Its unlikely that I’ll have any posts for the next week because I will be enjoying RAGBRAI, a week-long bike ride across Iowa. The week is sure to be full of a lot of exercise, great Midwestern scenery, delicious homemade pies, early mornings, and some of the friendliest people in the country. And besides, watching the debt limit negotiations come down to the wire would be sure to give me an aneurysm, so this will be a well-needed distraction. Maybe I’ll even see a Presidential candidate while I’m there!

More information here:

Missouri 2012 Elections Preview

Missouri is a swing state that has trended more Republican in recent years, but its politics are still very competitive. It has several key races coming up in 2012, and seeing as I am a Missouri resident, my blog will be following them. This is my first preview of Missouri’s 2012 races for Governor, US Senator and for Missouri’s second US Congressional seat.


Jay Nixon (D) is a first-term governor who won in a landslide in 2008. Nixon is a long-time Missouri public servant (he was Missouri’s Attorney General for several terms before becoming governor) and has built a reputation as a moderate Democrat. He has selectively used his veto pen to hem in the ambitions of the vastly Republican state legislature, picking fights only where he can be assured of public support (such as by striking down a law that sought to make it harder for workers to sue for discrimination) and withholding his veto power in cases that could embroil him in a costly, partisan battle (such as when laws limiting abortion rights come to his desk). He has avoided ruffling the feathers of any of the major interests in the state and has noticeably shied away from any intense, partisan battles. His timely and visible response to the Joplin tornado as well as his jobs tours around the state seem to have shown voters that he cares about their issues.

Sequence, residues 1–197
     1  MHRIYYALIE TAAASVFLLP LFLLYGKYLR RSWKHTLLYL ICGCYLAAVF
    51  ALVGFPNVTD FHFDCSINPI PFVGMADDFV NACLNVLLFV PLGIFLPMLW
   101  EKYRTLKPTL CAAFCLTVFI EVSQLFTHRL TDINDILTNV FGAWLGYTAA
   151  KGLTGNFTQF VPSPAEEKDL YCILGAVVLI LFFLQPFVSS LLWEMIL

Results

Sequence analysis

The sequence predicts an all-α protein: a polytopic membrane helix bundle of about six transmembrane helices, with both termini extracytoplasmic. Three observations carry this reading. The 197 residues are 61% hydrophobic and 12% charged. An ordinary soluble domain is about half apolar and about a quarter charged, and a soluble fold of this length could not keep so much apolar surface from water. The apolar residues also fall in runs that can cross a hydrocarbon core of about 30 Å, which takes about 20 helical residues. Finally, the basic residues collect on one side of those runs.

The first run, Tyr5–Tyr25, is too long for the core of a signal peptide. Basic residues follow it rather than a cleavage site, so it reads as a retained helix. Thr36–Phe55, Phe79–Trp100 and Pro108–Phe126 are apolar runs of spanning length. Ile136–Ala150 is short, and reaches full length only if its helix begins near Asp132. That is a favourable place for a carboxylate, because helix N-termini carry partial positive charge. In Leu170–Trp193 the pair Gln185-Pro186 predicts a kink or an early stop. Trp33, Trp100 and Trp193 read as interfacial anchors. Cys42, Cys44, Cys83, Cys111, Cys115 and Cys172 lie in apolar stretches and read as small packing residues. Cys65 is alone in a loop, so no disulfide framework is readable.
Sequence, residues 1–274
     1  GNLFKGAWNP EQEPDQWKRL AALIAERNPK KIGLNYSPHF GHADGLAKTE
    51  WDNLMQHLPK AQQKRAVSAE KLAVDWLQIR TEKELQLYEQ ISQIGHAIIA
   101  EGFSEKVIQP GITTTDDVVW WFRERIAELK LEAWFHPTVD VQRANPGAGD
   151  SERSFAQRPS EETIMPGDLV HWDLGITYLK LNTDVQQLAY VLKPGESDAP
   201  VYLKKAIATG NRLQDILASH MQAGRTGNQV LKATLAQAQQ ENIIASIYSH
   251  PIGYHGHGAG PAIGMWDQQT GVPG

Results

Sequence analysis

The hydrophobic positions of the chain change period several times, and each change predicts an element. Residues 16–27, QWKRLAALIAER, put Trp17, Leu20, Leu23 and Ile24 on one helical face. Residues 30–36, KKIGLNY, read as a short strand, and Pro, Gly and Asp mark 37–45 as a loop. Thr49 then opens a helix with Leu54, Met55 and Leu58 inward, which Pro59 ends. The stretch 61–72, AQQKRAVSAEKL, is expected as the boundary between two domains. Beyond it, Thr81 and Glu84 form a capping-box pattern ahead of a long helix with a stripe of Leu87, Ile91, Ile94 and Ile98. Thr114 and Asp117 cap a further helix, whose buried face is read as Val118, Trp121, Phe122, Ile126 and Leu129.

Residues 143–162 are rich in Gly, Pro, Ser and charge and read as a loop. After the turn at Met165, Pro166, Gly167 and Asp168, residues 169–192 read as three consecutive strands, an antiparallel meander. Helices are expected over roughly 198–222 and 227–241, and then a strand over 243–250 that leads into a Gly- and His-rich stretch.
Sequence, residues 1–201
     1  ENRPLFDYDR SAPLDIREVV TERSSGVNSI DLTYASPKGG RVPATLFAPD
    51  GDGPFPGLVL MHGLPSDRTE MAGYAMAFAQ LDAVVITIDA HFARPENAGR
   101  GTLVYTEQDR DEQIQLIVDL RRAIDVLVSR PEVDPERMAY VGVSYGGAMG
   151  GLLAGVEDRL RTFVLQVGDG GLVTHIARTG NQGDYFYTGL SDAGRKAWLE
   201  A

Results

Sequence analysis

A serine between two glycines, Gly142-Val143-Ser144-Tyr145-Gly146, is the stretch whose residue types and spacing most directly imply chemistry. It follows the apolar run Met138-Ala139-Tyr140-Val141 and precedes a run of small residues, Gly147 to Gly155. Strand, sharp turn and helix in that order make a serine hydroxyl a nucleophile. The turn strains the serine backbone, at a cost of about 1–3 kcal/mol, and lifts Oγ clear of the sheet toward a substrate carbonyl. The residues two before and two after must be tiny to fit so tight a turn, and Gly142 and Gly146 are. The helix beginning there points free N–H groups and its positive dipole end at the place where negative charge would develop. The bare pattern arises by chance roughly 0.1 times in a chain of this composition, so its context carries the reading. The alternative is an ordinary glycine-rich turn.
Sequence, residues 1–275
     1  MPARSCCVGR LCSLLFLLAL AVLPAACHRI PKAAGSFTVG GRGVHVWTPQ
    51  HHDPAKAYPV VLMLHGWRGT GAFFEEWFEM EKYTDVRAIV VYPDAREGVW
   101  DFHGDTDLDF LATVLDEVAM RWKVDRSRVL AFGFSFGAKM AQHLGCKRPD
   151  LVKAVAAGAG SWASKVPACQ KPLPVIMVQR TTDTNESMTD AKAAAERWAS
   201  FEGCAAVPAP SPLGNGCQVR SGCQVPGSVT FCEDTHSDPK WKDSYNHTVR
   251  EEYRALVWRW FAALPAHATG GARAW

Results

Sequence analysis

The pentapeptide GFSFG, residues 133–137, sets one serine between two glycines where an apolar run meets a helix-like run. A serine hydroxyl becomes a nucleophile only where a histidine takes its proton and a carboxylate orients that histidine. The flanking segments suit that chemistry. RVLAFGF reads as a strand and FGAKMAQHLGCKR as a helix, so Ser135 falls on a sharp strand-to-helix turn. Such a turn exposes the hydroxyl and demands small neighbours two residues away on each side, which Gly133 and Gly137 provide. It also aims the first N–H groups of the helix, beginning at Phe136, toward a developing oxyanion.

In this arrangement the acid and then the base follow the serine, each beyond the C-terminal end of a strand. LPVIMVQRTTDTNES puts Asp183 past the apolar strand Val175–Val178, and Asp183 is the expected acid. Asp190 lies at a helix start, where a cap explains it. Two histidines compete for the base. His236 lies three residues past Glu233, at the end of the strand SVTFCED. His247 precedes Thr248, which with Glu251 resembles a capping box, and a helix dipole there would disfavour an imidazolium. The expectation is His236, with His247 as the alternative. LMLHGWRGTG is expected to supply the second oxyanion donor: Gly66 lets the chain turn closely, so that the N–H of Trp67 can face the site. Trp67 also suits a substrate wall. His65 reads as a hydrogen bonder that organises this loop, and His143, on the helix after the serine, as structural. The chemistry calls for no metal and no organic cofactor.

As a result, Nixon is one of the most popular governors in the country, despite presiding over a state that voted for John McCain in 2008 and swung strongly against Democrats in 2010.  His average approval rating is 48% while is average disapproval is 29%, making his net approval +19%, a very strong number (and also his margin of victory in 2008). This, added to the inherent advantages of  incumbency, makes Nixon a strong favorite for re-election. If the election is a referendum on his stewardship of the state, he will likely win.

His likely 2012 opponent is Lieutenant Governor Peter Kinder (R). Unfortunately for Kinder, the Lt. Governor of Missouri is slightly less useful than the Vice President of the United States. Besides chairing a few committees, Kinder really has no responsibilities or roles that could help him get his name out in front of the public in a positive light. Because of this, his list of accomplishments as Lt. Governor is very small (I really can’t think of any off-hand). He will be forced to run a campaign against a sitting, popular governor as a generic Republican. That doesn’t seem to hold much promise, but anything can change in over a year’s time.